It’s been over 4 years since I last posted on this topic, and I am ready to offer an update.
I made the complete switch to Apple products, so our house now has an iMac, Macbook, iPad, Apple TV, and iPhone. There are trade-offs involved, but for me the benefits (one relatively functional system that combines software and hardware) outweigh the costs (moderately expensive, plus I have all my computer eggs in one corporate basket).
I would not have done this were it not for one cloud-based application that is not dependent on Apple: Evernote.
I have been using Evernote for five years, and now it contains all my personal and other information, organized in about 65 notebooks (as of today I have 6495 notes). Each note contains either a single piece of data (e.g., a product on Amazon I am considering buying), or a whole category of data (e.g., all of my contacts with my dentists). A note can be written by me, clipped from the web, a photo, a video, a sound file, an attachment, an email, or any combination.
Evernote works just as well if you use one notebook, or 200. How you organize is entirely up to you. I have my notebooks arranged under main categories, such as Health, Food, People, My Stuff. Under My Stuff, for example, I have notebooks for House, Bicycles, Yard, Computer Hardware, etc. Under Food I have separate notebooks for Wine, Recipes, Cooking Tips, In-state Restaurants, etc.
When you do a search, all notebooks are searched, or you can specify one. You can put multiple “tags” on each notebook and organize/search that way.
Now, if I need information (e.g., a history of an insurance claim), it is super easy to find, and almost effortless to update. What is even better, and essential, is I can access this data instantly on all my devices, or any mainstream device connected to the internet.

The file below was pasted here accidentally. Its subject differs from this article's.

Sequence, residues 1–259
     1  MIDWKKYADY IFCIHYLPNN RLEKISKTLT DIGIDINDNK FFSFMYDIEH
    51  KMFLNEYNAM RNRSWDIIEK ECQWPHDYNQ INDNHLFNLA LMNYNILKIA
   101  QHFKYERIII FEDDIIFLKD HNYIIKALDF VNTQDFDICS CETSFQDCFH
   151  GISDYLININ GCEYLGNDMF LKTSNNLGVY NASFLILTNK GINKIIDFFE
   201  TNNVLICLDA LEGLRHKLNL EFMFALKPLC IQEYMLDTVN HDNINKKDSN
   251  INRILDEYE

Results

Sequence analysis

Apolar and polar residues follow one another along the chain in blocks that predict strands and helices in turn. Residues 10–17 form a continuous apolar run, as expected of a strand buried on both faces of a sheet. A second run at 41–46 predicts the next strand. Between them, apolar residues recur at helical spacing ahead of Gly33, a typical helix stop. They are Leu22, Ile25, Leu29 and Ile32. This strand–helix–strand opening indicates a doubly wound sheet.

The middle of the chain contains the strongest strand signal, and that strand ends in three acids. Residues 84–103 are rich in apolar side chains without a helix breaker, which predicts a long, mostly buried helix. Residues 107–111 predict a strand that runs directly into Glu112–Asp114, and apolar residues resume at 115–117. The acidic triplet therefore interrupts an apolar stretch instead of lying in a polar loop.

This is really my dream system, one I have been hoping would emerge in my lifetime, but never really expecting it to.
With Evernote, I have essentially gone paperless. On my always-present iPhone, I use an application called Drafts to assemble or compose notes, etc., then hit a button to instantly transfer the note to Evernote. Just as often, I email a note (or forward an email) to Evernote. As a Premium Evernote user ($45 per year), I can search any attached document, whether it is a .doc file, a .pdf, or something else (like a photo). The free Evernote program is powerful, too. You can switch back and forth from free to premium with no obligation or penalty.
I use other programs to store and access a variety of information I want to keep, such as Vimeo for videos I create, Flickr and Snapfish for photos, Yahoo for email (also Gmail).
I do keep backup data on hard drives, and Evernote allows me to keep its data (my data) on my devices, so it is available whether or not I have an internet connection.
The main problem going forward is I am increasingly dependent on a corporation (Evernote) and its continued availability and functionality. So far, despite a few problems along the way, it has been dependable, and its future seem assured.